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Not all SQL versions have EXCEPTION JOIN (MySQL is one of them) so I have changed my approach to use "where not exists" clauses so it is version independent.

-----Original Message-----
From: MIDRANGE-L <midrange-l-bounces@xxxxxxxxxxxxxxxxxx> On Behalf Of Vern Hamberg via MIDRANGE-L
Sent: Saturday, July 16, 2022 8:53 AM
To: midrange-l@xxxxxxxxxxxxxxxxxx
Cc: Vern Hamberg <vhamberg@xxxxxxxxxxxxxxx>
Subject: Re: Difference between inner join and join in SQL query


LEFT JOIN is not an INNER JOIN and not the same as JOIN - according to the IBM i SQL Reference, there are 4 groups of JOIN operators - INNER, OUTER, EXCEPTION, and CROSS. The manual says - and Jerry, please do google searches or get the SQL Reference, all your answers are there.

The manual says that if there is no JOIN OPERATOR it is an INNER JOIN.

LEFT, RIGHT, or FULL by itself is an OUTER. You can't use OUTER by itself.

EXCEPTION by itself is a LEFT EXCEPTION, you can also specify RIGHT EXCEPTION.

Finally you have a CROSS.

These are very much SQL standard - IBM i is one of the most standards-compliant version of SQL in the industry.


On 7/15/2022 1:01 PM, Javier Sanchez wrote:
Okay, this is it. JOIN and INNER JOIN are just the same. Don't know
why the SQL standards took that for granted. LEFT JOIN also would
work just fine as well as JOIN as long as you know what you are doing.
It's confusing, isn't it. Okay, let's get back. INNER JOIN is the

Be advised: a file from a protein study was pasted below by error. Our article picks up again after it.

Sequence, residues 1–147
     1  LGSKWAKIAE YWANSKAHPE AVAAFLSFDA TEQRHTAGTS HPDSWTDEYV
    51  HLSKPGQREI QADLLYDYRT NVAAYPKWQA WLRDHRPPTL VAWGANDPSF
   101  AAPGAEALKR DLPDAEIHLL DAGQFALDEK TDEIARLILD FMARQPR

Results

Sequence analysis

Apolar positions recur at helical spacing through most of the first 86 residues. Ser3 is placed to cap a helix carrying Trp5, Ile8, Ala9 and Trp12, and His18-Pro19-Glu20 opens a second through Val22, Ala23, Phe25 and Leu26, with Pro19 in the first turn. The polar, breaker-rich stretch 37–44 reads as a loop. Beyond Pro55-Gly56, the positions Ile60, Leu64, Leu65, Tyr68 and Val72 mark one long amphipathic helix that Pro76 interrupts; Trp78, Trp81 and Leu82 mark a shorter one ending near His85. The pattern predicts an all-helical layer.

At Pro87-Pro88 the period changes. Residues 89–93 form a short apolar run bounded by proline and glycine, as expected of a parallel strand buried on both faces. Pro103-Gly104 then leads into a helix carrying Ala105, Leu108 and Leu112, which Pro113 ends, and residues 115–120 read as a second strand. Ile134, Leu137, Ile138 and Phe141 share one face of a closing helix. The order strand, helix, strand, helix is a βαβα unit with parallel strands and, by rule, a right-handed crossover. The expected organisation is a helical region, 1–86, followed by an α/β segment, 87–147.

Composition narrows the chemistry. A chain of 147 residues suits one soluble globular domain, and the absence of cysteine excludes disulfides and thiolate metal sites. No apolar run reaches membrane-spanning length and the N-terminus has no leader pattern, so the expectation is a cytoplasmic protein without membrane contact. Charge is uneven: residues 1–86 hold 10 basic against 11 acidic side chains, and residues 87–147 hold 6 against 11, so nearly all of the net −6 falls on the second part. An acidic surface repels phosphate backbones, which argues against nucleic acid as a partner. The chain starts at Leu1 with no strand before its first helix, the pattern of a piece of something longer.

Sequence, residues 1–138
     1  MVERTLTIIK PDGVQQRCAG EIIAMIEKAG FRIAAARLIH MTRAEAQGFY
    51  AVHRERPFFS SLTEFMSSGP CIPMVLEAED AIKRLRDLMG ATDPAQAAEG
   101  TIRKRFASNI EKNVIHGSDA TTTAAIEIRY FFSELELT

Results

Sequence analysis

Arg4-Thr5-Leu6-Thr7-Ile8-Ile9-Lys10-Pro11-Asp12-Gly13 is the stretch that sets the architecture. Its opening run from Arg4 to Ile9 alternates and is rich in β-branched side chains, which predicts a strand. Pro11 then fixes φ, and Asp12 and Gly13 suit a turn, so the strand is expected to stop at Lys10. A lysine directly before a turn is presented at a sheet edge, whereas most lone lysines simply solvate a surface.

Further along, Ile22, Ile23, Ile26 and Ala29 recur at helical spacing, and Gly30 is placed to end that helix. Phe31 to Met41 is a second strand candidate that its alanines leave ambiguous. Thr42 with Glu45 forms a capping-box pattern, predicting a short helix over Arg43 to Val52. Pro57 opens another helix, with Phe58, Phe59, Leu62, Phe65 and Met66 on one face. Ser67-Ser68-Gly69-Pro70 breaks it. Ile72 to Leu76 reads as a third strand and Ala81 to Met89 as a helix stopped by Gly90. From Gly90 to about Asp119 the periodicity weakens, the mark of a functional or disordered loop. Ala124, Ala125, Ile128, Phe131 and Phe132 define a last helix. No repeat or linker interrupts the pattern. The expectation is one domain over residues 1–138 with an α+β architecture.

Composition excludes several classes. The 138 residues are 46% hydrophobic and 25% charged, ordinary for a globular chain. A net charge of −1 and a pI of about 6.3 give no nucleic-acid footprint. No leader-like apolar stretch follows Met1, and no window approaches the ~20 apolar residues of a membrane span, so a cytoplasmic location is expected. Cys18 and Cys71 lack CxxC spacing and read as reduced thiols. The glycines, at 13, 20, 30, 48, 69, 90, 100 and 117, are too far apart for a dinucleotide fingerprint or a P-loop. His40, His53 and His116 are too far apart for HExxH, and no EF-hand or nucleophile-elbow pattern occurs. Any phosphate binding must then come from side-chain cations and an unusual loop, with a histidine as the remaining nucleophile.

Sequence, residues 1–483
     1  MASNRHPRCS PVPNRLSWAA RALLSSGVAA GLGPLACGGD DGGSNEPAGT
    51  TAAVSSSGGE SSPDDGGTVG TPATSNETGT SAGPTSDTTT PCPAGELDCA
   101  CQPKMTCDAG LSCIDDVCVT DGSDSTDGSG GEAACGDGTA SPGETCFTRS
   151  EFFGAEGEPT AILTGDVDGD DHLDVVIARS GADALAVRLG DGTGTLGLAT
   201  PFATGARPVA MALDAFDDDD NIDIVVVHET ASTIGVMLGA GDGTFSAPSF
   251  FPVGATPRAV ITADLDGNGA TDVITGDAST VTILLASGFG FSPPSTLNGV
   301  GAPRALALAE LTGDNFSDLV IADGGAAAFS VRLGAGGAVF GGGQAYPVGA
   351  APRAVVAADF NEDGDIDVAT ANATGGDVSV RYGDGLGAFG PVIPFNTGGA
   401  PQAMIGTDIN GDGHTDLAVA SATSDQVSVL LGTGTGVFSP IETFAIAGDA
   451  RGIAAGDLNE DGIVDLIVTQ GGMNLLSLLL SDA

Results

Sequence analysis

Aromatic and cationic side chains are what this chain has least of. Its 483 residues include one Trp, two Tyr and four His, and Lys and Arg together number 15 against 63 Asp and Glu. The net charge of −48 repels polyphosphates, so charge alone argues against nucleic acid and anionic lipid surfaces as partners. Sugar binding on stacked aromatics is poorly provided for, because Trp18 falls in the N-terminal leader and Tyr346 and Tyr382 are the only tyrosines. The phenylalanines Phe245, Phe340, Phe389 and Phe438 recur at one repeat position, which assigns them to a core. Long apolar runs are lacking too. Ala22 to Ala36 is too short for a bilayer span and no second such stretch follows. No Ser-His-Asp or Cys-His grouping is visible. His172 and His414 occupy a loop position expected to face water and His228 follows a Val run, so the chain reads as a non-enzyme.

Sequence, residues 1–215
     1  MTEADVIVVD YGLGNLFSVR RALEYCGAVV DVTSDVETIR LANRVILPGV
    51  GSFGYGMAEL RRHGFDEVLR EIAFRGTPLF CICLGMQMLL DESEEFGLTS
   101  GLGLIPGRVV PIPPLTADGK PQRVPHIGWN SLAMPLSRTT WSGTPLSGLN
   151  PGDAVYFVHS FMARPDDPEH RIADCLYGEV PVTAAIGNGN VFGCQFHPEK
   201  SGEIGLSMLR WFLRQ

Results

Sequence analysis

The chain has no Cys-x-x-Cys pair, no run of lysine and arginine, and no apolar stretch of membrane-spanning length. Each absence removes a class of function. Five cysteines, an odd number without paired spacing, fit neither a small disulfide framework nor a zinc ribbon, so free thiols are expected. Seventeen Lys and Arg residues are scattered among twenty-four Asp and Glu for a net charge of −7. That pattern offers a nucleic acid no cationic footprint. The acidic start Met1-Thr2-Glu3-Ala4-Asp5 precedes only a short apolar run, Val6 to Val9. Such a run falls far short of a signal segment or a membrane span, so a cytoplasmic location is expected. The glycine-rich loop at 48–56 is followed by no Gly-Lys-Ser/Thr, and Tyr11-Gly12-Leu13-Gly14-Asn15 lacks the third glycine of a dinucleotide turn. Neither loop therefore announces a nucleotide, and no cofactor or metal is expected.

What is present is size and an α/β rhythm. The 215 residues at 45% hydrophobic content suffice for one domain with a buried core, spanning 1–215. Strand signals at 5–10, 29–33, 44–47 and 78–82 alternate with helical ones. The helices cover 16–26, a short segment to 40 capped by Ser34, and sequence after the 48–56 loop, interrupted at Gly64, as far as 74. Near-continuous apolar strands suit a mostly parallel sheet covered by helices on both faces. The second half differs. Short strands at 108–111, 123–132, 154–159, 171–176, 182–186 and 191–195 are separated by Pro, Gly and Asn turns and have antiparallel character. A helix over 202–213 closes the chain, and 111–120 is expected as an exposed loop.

same as JOIN. LEFT JOIN would also be the same thing as JOIN. But
putting the OUTER JOIN construct would give you different results
depending on what you want to do.

Suppose you have two tables A, and B. Now, if you select ALL records
in table A that correspond to the same rows as in table B related with
some key columns, that is called a cartesian relationship.
One to one relationship would give you all records in table A that
have the same key values as in table B. JOIN or LEFT JOIN or simply
JOIN would work well.

Now, here's the difference. Case 1. We want back all rows in table A
and also all those in table B that have the same key columns in the ON
xxx = yyy part of the SQL statement, but want also to include those
rows in table B that DO NOT match the key criteria. Those rows will
be returned to you with NULL values. So you'll know they are not in table B.

Case 2. RIGHT OUTER JOIN works in the opposite way. You will get all
rows in table B as well as in table A that coincide with the key
columns but you'll also get NULL rows in table A that ARE NOT in table
B. So you will know what is missing in table A that is not in table B.

Got it?


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